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AQA Invitational Meeting Summary

Pilot Projects and Value Exchanges

Carolyn Clancy, Agency for Healthcare Research and Quality (AHRQ)
Peter Lee, Pacific Business Group on Health

Carolyn Clancy opened the discussion on the pilot program (known as Better Quality Information for Medicare Beneficiaries, or BQIMBs) by noting that all six subcontractors have now received the Medicare data. She indicated that the subcontractors were now working to aggregate the data, and the first reports of aggregated data at the practice level (and the detailed issues that need to be addressed) are due in July. Once the data has been aggregated, Clancy said, then the subcontractors can work together to address data attribution rules. The aim is to report on data at the individual physician level in November.

Peter Lee added that the BQIMBs are the starting point for the process, as they are only looking at a handful of measures within the initial AQA starter set. The objective, he stressed, is to aggregate the data. He termed the value exchanges "the next generation of pilots," and said the objective of these pilot projects would be to use the data in order to begin to give consumers, payers, and others good information to make decisions.

Lee noted that there was clearly a lot to learn about how to present the information in ways that are meaningful for consumers and that give clinicians good information to drive quality of care. He said the first step to becoming a value exchange (under the Department of Health and Human Services' Value-Driven Health Care Initiative) is for a organization composed of multiple stakeholders to define itself as a community leader. Lee said that these communities would then have access to data.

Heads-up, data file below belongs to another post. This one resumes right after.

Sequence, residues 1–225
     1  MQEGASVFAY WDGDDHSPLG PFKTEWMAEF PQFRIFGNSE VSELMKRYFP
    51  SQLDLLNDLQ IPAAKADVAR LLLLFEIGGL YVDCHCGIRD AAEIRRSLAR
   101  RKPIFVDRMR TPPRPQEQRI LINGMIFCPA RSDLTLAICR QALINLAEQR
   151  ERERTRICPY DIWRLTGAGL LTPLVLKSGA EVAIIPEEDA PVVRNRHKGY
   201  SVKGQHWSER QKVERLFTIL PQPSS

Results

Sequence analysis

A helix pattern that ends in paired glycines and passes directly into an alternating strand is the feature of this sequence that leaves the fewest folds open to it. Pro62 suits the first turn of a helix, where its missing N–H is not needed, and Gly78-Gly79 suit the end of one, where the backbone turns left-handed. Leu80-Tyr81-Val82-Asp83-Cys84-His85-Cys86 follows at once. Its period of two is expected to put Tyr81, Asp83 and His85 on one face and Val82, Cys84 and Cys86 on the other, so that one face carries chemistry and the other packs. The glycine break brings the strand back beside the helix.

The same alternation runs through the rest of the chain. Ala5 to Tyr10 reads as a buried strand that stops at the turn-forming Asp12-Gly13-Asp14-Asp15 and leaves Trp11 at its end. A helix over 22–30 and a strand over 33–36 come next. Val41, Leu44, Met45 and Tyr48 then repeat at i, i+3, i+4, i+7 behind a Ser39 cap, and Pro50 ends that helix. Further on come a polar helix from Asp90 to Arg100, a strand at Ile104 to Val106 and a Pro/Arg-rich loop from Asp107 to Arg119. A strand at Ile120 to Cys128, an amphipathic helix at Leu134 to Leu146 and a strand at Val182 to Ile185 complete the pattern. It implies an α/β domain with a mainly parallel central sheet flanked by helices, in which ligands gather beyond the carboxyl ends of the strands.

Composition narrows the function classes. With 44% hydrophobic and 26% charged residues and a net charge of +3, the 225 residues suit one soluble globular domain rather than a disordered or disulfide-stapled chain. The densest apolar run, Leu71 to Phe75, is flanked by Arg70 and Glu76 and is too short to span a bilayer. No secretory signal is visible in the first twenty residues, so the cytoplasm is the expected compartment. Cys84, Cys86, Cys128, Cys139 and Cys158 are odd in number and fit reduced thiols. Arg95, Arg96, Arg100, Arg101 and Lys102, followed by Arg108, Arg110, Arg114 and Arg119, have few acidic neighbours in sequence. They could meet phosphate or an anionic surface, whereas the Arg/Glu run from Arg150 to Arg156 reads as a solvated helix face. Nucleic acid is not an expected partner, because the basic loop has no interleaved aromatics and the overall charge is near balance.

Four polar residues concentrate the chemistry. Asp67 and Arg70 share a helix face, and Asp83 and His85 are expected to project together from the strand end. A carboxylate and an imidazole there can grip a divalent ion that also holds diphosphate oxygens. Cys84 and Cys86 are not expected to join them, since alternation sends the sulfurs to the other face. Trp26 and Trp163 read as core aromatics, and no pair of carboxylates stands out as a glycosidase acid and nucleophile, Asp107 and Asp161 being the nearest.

Finally, Lee pointed out that it was not yet clear how much of this work can, should, and ought to be done locally, as opposed to being reported and aggregated to a central data source. He expressed concern about having 70 separate communities using data differently-and thus voiced support for developing a nationally consistent platform.


Opening the discussion, one participant asked what benefit a community would receive from becoming a value exchange. In response, Lee said that the learning network extends beyond merely a LISTSERV® and that AHRQ has devoted resources to help communities learn to get it right. Lee added that value exchanges will get the results (but not the data—although they may subsequently get both data and financial resources). You have to be a value exchange before you ever can hope to get data and dollars, he said.

Clancy indicated that, beyond the pilot sites, there were only about 14 communities that currently have robust, multistakeholder collaborative processes designed to assess quality of care. At the same time, she stressed that health care is a local event, and that fixing the system can be done only by those providing the care.

Lee noted that AHRQ had issued a recent notice in the Federal Register seeking public comments on the plan to establish value exchanges.

A participant asked whether the goal was to harmonize the multiple efforts. In response, Clancy said that it would be difficult to do so and maintain AHRQ's hallmark of transparency. At the same time, she said that figuring out how to aggregate data, post it, and maintain transparency was part of the interesting conversation that lay ahead in order to improve the quality of care.

Another participant observed that the value exchanges appear to be akin to Regional Health Information Organizations (RHIOs). He also expressed concern about how to get reports to physicians that can be acted upon when the value exchanges start to receive results (and possibly data as well). More immediately, he asked where the data would be aggregated for the value exchanges. Finally, he suggested that the AQA submit comments on the value exchanges to AHRQ.